CAIRO: One of the major changes in Egypt’s economy this year came in June with the creation of the Egyptian Financial Supervisory Authority (EFSA), which brought several regulatory bodies under one umbrella.
The EFSA came on the heels of Law 10/2009, which regulates control on non-banking financial markets and instruments, and began operating in July under the chairmanship of Ziad Bahaa Eldin, former chairman of the General Authority for Investment and Free Zones (GAFI).
Experts commenting on its launch were optimistic that it would “activate the non-banking sector. Investment Minister Mahmoud Mohieldin said at the time that it was not a direct response to the global financial crisis and instead coincides with a surge in the non-banking financial sector.
The EFSA was tasked with improving market performance and transparency, developing more complicated financial instruments, and overseeing the capital market, the insurance market, mortgage finance and similar non-banking activities.
Egypt’s new regulator replaced the Capital Market Authority, the Mortgage Finance Authority and the Egyptian Insurance Supervisory Authority in enforcing related regulations.
While the Central Bank of Egypt retains oversight of the banking sector, the EFSA has the power of licensing, supervising and regulating these markets – and has in the past year acted as arbitrator, most notably in the ongoing dispute between Orascom Telecom and France Telecom over Mobinil.
The heated debate over Egypt’s new property tax law continued well into 2009, and will be back in the spotlight when it goes go into affect this January.
In August, Finance Minister Youssef Boutros-Ghali confirmed that Egypt’s Property Tax Law will be applied to residential and commercial properties with the start of the new year.
Since it was first proposed a couple of years ago, much of the debate surrounding the new law centered on which property would be taxed and how much that would amount to. While advocates argued that it adheres to social solidarity, opponents were wary of the strain it would put on Egyptians already grappling with financial burdens.
These terms were made clear in 2009, and helped quell some of the concerns about the tax.
Houses and flats valued less than LE 450,000 will be exempted from taxes, while houses valued at LE 1 million would be taxed LE 660 per year, officials said. Individuals and corporations must submit their real estate assets by the end of the year for valuation, which will take into account location, quality of construction, provision of basic services and proximity to public parks, health and education facilities.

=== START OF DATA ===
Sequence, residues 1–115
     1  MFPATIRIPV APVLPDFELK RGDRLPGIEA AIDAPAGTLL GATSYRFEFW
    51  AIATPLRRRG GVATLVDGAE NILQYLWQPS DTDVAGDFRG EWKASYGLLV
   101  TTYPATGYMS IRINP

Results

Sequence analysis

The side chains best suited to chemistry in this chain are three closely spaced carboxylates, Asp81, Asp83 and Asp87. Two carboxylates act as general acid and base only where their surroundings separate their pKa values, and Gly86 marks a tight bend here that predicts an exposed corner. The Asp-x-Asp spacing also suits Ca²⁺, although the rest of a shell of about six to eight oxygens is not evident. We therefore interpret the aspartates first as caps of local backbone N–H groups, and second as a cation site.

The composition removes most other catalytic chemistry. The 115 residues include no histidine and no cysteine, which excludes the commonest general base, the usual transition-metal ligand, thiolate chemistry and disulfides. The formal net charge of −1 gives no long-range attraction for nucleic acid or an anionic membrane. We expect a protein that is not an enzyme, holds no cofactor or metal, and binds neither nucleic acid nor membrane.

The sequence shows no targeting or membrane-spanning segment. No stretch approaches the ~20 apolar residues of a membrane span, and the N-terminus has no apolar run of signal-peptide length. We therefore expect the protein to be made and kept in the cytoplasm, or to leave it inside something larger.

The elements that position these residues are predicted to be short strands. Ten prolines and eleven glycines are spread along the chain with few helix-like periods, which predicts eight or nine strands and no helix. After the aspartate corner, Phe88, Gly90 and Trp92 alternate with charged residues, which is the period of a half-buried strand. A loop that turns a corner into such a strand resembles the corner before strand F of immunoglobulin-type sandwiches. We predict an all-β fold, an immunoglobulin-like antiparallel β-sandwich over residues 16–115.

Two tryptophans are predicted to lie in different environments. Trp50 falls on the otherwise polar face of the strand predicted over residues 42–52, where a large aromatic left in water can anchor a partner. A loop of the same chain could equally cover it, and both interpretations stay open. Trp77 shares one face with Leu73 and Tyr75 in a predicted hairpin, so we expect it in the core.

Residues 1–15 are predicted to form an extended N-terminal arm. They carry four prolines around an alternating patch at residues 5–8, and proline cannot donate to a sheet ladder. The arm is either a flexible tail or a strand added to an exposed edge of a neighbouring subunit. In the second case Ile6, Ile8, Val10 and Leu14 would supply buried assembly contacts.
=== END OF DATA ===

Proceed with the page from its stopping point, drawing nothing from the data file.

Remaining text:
Owners will be able to appeal the valuation of their properties within 60 days of the decision and the units will be appraised every five years.
The local press quoted Tarek Farag, chairman of the Real Estate Tax Authority, as saying that “90 percent of Egyptians will be exempt and so it will not be an added burden.
The tax was placed at 10 percent with LE 6,000 waived from the original evaluation, and 30 percent off the total value of the property for maintenance expenses.
Access to finance
The banking sector witnessed a surge in microfinance activity this year as an increasing number of financial institutions began catering to the under-served market, which has mainly had access to finance through non-profit organizations and state-owned banks.
In October 2009, the Ministry of Investment finalized a law approving the establishing of microfinance companies with a minimal capital of LE 5 million. Around 21 million people are expected to benefit from the new microfinance program, according to estimates from the ministry.
Developing the microfinance sector and supporting small- and medium-sized enterprises is seen as an essential contributor to economic growth.
Another important source of financing got attention in 2009 as the government announced plans to amend its mortgage finance law. The amendments set out to change the mortgage percentage of total income, facilitating access to funding particularly to youth, Mohieldin told local press earlier this year.
According to the original law, the percentage of the mortgage shouldn’t exceed 25 percent of income, and the amendments aimed to raise that to between 30 and 33 percent, while maintaining lower risk levels for mortgages.
In September, Egypt’s central bank also said it was finalizing the regulatory framework for mobile money transfer and mobile banking will soon be available as telecom operators geared up to offer the long-awaited service.